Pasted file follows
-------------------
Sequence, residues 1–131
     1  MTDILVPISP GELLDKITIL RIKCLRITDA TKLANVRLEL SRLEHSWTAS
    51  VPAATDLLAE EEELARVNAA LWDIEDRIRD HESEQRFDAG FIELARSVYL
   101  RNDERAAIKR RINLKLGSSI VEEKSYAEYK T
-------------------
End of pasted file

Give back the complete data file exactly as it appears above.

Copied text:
Sequence, residues 1–131
     1  MTDILVPISP GELLDKITIL RIKCLRITDA TKLANVRLEL SRLEHSWTAS
    51  VPAATDLLAE EEELARVNAA LWDIEDRIRD HESEQRFDAG FIELARSVYL
   101  RNDERAAIKR RINLKLGSSI VEEKSYAEYK T